The Dodge Viper is indisputably America’s supercar, but despite exciting the imagination and attracting a fiercely loyal following, it never rose to the same levels of success as that other American automotive icon, the Corvette, or any number of European alternatives.
That’s reason enough for Magnus Walker to declare it The Next Big Thing – not least because the Viper is a car that Walker has admired for some time. “The first time I saw a Dodge Viper, I fell in love with it” he explains, driving it along the Californian canyon roads it was surely designed for.
The Viper debuted in 1991 (having originally been revealed at the same Chicago Auto Show in 1989 as that other automotive icon, the Mazda Miata/MX-5), coming to production in open-topped form as the RT/10 roadster. But it was the coupe GTS that Walker idolised – ideally in blue with a pair of Shelby-style white stripes – and it’s those coupé models that have informed every iteration since.
That includes fifth generation car owned by Bisi from renowned carbuilder Bisimoto. Bisi might be best known for his work tuning imported cars to enormous outputs and his dabbling in Porches, but at the back of his shop sits a moody, and almost completely standard Viper. If European supercars are scalpels, says Bisi, “think of this as the automotive chainsaw”.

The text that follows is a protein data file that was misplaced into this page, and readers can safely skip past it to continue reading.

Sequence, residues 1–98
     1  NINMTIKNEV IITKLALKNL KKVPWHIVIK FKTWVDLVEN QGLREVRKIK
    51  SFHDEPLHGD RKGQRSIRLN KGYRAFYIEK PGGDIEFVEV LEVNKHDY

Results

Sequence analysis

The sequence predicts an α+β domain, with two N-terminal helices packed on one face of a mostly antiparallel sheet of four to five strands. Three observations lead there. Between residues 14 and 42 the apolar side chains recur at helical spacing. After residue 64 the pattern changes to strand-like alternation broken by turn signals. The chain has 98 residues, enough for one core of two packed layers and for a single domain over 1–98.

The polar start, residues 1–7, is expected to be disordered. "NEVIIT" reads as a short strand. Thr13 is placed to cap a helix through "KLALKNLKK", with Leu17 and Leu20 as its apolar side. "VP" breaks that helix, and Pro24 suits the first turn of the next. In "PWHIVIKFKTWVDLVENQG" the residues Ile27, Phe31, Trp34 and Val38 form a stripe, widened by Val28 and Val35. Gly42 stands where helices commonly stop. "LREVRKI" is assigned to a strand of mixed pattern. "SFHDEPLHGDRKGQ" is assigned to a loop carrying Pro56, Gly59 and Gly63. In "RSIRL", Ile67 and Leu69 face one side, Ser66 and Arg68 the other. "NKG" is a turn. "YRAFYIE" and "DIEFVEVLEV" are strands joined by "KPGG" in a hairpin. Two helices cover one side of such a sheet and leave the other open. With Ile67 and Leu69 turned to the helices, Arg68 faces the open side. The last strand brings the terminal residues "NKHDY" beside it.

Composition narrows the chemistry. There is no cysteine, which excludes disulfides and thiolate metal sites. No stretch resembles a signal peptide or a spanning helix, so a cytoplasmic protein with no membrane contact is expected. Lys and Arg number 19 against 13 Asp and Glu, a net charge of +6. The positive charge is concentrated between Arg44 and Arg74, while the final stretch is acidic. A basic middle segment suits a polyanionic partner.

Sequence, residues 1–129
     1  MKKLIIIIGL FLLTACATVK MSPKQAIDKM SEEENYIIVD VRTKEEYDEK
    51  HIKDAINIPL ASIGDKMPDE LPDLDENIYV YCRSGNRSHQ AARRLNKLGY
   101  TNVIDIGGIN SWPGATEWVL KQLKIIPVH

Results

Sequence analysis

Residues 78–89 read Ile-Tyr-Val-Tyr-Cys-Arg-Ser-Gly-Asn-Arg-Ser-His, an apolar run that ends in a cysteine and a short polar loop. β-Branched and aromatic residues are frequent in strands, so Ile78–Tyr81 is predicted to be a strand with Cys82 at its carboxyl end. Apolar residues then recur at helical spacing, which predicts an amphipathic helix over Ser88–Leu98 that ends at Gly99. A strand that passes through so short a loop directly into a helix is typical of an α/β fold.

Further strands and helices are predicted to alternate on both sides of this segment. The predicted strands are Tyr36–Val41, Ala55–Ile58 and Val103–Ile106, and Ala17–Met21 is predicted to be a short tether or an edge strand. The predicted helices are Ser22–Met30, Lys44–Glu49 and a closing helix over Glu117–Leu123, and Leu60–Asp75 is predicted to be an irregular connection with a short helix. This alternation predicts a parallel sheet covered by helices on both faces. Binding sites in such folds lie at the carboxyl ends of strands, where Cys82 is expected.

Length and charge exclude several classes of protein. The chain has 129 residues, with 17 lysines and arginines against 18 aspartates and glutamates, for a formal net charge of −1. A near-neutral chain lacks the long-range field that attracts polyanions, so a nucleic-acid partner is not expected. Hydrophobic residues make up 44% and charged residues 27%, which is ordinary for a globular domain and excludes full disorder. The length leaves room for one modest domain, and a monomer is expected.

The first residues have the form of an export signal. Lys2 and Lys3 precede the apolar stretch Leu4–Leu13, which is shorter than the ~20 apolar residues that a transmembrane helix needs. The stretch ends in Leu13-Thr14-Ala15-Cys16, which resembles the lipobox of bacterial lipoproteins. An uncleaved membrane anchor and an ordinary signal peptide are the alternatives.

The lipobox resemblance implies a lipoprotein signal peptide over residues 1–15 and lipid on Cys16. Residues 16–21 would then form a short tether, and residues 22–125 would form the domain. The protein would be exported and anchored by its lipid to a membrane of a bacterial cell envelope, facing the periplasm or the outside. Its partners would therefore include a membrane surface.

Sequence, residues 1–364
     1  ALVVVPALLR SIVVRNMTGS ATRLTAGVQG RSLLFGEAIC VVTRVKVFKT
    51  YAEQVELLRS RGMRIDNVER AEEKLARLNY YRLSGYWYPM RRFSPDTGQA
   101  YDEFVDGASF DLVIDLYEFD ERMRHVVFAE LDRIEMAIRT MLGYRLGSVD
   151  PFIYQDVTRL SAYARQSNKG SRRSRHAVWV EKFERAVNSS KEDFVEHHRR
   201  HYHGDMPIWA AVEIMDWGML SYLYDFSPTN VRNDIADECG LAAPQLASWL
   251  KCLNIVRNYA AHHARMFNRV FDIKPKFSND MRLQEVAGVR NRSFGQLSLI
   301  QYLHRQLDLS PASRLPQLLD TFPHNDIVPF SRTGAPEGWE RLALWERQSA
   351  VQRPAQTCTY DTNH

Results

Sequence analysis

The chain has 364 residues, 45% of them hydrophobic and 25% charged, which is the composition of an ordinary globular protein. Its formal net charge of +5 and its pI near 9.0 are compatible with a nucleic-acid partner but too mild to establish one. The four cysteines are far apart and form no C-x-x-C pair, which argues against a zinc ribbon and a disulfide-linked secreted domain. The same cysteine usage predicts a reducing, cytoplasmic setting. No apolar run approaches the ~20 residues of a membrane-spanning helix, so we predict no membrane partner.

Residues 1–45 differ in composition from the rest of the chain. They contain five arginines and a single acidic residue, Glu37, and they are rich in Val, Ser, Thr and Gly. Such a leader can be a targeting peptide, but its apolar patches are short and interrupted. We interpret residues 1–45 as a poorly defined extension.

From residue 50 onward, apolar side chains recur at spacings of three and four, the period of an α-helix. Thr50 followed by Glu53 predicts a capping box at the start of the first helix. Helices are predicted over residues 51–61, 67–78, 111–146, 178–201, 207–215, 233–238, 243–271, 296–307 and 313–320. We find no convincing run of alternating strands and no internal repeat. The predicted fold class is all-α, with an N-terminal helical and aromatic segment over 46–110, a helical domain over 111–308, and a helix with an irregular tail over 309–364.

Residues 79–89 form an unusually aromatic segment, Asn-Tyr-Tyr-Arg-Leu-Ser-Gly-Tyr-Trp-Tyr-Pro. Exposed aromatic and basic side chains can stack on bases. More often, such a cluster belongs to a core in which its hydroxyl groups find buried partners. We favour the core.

With 640bhp and 600lb ft of torque Bisi hasn’t seen the need to add to those tallies further, suggesting it’s already a handful if you disable the electronic controls – but has thrown on a set of new wheels and fitted components to lower the electronically-controlled suspension.
On driving the car Walker admits that it’s not perfect, being a squeeze inside for his frame and its 8.4-litre V10 droning on road trips, but admires the car for its interactivity and character.
There’s clearly some appreciation in the market for the Viper, with condition 1 examples of Walker’s preferred Viper GTS good for $75,000, or around £55,000 – but that’s still a great deal less than any European equivalent you’d care to mention, while a condition 4 car (that’s “fair”) is valued at just $33,000, or £24,000.
Walker could be right that the car is The Next Big Thing. It’s difficult to imagine that one of America’s most attention-grabbing sports cars will so affordable for much longer.